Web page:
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Canada’s potential Olympic starting goalie half a world away

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UFA, Russia (AP) — As the NHL opened its season, Canada’s potential Olympic starting goaltender was half a world away.

On the edge of Russia’s Ural mountains, Ben Scrivens suited up for Salavat Yulaev Ufa in the Kontinental Hockey League, taking on Pavel Datsyuk and Ilya Kovalchuk‘s SKA St. Petersburg.

Scrivens was pulled after giving up four goals to SKA, which started its season 18-0. It was an off night for Scrivens, who has otherwise been solid in the KHL, posting a .918 save percentage last season with Dinamo Minsk of Belarus.

With the NHL skipping the PyeongChang Olympics in February, he could star for Canada.

Scrivens has been in contact with Hockey Canada, and he played preseason games on a roster assembled from KHL players.

The Canadians played six games across two tournaments, with three goaltenders each playing two games. Of those three, Scrivens has the most NHL experience (144 NHL games for four teams between 2011 and 2016).

“As a Canadian you just want Canada to win,” he said. “Obviously you want to be part of it.”

Without the NHL, the United States and reigning Olympic champion Canada will have to make do with scratch squads of minor leaguers, college players and the many ex-NHL players looking for new opportunities abroad – particularly in the Russia-based KHL, widely considered the best league outside the NHL.

The KHL is taking a massive 33-day break for the Feb. 9-25 Olympics while the NHL soldiers on.

Scrivens was mostly a backup goaltender in the NHL, where he took the league record for saves in a regular-season shutout with 59 for the Edmonton Oilers against the San Jose Sharks in 2014.

After being bounced between the NHL and farm teams in 2015-16 and admittedly outspoken with coaches, he looked abroad. Now 31, a KHL salary offers Scrivens the chance to “give my family a foundation for the rest of our lives.”

Located just west of the Urals that divide Europe from Asia, Ufa is a city of 1 million known for its oil industry and traditionally liberal brand of Islam.

Hockey games in the city’s 8,000-capacity arena feature a passionate section of hardcore fans who roar their way through the game, plus a heavy emphasis on scantily clad cheerleaders as entertainment.

Scrivens admits adapting to Russia hasn’t been easy.

It’s meant a “significant decrease” in his social life, and he speaks mostly in a kind of simplified English with his Russian and Scandinavian teammates – so much so that friends and family sometimes tease him for bizarre or ungrammatical speech on calls home.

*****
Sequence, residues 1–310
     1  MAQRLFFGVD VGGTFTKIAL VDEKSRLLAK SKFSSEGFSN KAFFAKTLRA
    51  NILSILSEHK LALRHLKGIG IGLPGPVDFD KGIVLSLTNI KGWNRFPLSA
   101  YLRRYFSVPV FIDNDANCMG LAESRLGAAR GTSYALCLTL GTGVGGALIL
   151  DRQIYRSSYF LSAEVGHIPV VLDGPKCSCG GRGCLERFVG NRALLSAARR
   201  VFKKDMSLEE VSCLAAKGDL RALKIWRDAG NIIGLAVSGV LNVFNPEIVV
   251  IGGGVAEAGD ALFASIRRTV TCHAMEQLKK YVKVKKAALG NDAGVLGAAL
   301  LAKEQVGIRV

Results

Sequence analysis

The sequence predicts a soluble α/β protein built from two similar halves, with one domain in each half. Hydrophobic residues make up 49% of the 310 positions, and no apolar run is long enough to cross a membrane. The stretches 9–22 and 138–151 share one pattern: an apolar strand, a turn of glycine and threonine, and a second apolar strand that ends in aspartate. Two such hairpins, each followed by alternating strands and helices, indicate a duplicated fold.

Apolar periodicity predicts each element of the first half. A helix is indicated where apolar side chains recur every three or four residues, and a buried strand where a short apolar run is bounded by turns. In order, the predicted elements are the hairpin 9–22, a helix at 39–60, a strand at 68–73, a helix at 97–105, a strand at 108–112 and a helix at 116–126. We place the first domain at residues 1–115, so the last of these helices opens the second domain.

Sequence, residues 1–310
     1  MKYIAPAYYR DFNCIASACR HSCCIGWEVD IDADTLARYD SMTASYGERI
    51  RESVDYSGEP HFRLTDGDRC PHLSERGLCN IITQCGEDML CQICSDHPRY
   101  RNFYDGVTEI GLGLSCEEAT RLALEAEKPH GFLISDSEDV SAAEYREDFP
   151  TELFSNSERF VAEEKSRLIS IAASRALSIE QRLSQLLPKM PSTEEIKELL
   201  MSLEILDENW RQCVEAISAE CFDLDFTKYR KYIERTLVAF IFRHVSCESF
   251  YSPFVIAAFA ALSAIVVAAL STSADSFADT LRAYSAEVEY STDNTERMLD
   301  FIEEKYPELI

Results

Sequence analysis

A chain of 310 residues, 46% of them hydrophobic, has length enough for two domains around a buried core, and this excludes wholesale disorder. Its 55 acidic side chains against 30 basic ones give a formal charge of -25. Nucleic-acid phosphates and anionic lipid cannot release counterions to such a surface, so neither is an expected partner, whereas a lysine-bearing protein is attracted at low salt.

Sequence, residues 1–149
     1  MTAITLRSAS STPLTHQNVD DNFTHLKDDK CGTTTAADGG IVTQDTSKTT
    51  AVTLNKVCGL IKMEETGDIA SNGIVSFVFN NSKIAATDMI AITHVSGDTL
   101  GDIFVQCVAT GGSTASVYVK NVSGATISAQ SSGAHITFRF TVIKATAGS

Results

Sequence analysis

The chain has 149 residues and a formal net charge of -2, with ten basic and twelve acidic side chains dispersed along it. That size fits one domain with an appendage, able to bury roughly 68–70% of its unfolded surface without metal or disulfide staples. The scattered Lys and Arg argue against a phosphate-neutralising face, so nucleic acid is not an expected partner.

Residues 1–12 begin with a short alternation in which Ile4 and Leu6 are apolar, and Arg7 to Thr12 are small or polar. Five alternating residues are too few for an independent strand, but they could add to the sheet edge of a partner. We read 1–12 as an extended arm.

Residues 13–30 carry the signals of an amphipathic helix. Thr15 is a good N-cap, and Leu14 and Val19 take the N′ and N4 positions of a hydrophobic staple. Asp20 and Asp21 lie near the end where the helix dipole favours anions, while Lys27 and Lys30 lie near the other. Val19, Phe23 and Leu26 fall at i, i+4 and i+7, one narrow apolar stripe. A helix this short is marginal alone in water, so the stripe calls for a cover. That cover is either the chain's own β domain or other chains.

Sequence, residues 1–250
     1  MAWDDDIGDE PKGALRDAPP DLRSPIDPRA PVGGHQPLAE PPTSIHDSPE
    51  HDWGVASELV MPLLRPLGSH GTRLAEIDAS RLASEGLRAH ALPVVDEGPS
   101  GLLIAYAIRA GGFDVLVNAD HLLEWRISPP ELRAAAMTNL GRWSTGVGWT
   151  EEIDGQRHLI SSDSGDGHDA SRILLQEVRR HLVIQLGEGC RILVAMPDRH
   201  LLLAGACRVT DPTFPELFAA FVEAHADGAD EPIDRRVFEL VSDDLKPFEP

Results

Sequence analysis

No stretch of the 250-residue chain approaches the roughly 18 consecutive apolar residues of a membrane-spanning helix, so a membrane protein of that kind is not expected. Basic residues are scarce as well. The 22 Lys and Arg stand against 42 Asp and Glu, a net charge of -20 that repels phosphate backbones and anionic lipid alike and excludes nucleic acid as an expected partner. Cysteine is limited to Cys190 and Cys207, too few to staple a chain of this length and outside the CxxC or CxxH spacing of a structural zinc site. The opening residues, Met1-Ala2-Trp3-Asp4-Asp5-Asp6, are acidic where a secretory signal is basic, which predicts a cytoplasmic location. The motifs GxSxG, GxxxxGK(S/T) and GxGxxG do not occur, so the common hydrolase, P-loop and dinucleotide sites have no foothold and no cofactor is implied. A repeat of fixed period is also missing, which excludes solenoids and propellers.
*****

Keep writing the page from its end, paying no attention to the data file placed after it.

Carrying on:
“We don’t have time to do (Russian) lessons, so it’s more what you pick up from the rink. Guys teach you how to swear, that’s about it,” Scrivens said.

Scrivens’ wife, Jen, is in North America after spending time with him in Belarus last year.

His wife and family are holding off visiting him in Europe because they don’t want to burn vacation time and miss him at the Olympics – if he goes.

“The elephant in the room is what’s going to happen with the Olympics,” Scrivens said. “They’re tentatively holding that window open.”

USA Hockey has been tracking Europe-based players like former Tampa Bay Lightning defenseman Mike Lundin, one of four Americans at Finnish KHL club Jokerit, and making sure they’re Olympic-eligible.

Two U.S. Olympic veterans with more than 1,500 combined games of NHL experience are also in the running.

“They’ve been prepared, getting the ball rolling and letting us to know be available for dates, setting us up with the drug testing,” Lundin said.

The team to beat in PyeongChang will likely be Russia, thanks to its many ex-NHL players now playing back home.

KHL players can hit the ground running in PyeongChang with experience on international-size ice and the experience of facing players of Kovalchuk and Datsyuk’s caliber.

The KHL’s vast geographic reach, from Slovakia in Central Europe to Vladivostok and Beijing on the Pacific coast, imposes a brutal travel schedule on its players, who can cross up to eight time zones between games.

“If you can’t get used to the travel, you’re going to have to stop playing in this league,” said Brian O’Neill, a former New Jersey Devils wing who plays with Lundin at Jokerit and has also been contacted by USA Hockey. “When you come home, you get a 12-hour flight back, your body feels the negative side-effects for a week or two.”

Still, the first Olympic tournament without the NHL since 1994 feels different somehow.

“It’s kind of a strange situation, obviously, knowing if you do make it you’re kind of replacements,” Lundin said. “At the same time, the Olympics, it’s an honor to play for your country on such a big stage. It’ll be exciting to try and make the team and see how it unfolds.”